1 vote
Wendy Glazer, Agent, Denver, CO
Tue Apr 19, 2011
I am sorry that you have to deal with all this and I am sure it is a difficult situation. I would suggest getting a 2nd appraisal. Good luck.
1 vote
Suz A, Agent, Longmont, CO
Tue May 10, 2011
Here are some guidelines, if you think you want to challenge the appraisal:

http://www.oneprojectcloser.com/how-to-challenge-appeal-home…

http://www.marketwatch.com/story/how-to-fight-back-against-a…

Hope that helps.

Best,
Suz
PML of Longmont
Web Reference:  http://www.suzrealestate.com
0 votes
Tim Page, , 99037
Tue May 3, 2011
Surely, you'll have to hire your own appraiser to determine the value of your home. It sounds like financial stress is causing lots of these types of things. I just got a call about a divorce today. Here's what you can do.

1. sell your home and spit any money from the proceeds.

2. Refinance your home and decide who will get the money and who will get the home.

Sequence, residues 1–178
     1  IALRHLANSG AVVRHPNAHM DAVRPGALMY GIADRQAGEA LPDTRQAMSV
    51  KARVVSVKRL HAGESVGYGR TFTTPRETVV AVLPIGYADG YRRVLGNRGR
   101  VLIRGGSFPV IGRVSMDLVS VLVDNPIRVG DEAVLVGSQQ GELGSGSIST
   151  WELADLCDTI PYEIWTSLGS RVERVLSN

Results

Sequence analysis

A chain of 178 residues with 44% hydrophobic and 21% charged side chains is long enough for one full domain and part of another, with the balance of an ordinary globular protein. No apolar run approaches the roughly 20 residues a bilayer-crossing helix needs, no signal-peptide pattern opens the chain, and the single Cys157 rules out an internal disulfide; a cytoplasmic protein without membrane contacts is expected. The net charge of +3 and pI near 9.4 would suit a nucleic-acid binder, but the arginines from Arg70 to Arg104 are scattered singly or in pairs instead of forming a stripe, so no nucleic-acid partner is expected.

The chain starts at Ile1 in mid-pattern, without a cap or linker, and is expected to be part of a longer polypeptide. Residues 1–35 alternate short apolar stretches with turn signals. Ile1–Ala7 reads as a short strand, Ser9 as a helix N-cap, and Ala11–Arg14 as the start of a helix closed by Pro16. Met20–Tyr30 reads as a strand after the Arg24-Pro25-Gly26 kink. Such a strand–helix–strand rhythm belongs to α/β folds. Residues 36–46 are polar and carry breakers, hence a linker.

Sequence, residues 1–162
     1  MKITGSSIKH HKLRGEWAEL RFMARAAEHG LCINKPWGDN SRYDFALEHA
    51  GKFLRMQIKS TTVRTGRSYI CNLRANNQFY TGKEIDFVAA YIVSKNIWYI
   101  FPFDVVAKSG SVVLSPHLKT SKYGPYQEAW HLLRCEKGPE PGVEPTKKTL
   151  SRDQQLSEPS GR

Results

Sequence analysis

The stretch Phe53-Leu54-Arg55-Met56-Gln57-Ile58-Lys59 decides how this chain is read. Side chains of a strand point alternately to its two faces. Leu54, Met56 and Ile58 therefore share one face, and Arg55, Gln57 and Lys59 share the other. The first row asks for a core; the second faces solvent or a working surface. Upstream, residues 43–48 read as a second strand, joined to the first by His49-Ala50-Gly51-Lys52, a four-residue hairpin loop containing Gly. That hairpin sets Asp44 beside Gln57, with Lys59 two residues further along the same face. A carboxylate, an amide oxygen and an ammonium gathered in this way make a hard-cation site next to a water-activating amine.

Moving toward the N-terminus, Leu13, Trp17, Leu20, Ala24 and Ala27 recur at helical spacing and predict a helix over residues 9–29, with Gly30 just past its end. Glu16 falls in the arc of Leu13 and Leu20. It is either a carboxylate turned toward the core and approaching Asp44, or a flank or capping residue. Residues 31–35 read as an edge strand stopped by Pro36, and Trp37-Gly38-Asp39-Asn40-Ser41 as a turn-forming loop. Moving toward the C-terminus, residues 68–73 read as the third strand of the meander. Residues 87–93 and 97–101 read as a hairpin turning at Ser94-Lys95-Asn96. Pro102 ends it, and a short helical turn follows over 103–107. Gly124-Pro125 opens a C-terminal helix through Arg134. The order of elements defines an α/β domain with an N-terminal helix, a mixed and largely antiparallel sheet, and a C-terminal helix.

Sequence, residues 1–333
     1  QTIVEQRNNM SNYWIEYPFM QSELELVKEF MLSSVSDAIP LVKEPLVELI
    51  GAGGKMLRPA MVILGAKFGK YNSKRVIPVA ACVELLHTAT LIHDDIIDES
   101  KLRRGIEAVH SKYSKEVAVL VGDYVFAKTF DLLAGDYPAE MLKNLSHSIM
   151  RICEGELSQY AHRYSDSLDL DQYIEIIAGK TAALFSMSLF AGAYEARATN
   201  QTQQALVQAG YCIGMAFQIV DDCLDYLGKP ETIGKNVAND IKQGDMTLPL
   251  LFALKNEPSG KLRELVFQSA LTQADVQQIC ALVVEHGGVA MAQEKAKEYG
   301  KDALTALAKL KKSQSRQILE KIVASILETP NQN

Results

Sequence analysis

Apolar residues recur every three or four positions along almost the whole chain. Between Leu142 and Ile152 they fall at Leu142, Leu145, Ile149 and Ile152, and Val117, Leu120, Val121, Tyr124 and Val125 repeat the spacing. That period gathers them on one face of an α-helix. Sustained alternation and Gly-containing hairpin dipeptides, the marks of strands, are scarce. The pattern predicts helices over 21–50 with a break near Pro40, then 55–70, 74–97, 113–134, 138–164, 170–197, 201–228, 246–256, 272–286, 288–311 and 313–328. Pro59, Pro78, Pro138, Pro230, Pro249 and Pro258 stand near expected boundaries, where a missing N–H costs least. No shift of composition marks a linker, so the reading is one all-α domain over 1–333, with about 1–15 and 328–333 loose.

I recommend that both spouses hire their own appraiser. The bank will require their own appraisal, too, before they'll give you any money. Any strange stuff on the appraisal will be disclosed if you do it this way. Look at the effective date of the appraisal and see if it was the day he/she appraised the home or if their is a different date. The appraisal must have sales that bracket the sales price for both the adjusted sales (sales at the bottom of the appraisal) and the unadjusted sales (what the homes sold for). This prevents this type of stuff.
0 votes
Dallas Texas, Agent, Dallas, TN
Tue Apr 19, 2011
Undetermined what you truly mean by "legal" for an appraiser make their comment(s)

If the property is undervalued vs mortgage then lender would not approve refi

Lynn911 Dallas Realtor & Consultant, Loan Officer, Credit Repair Advisor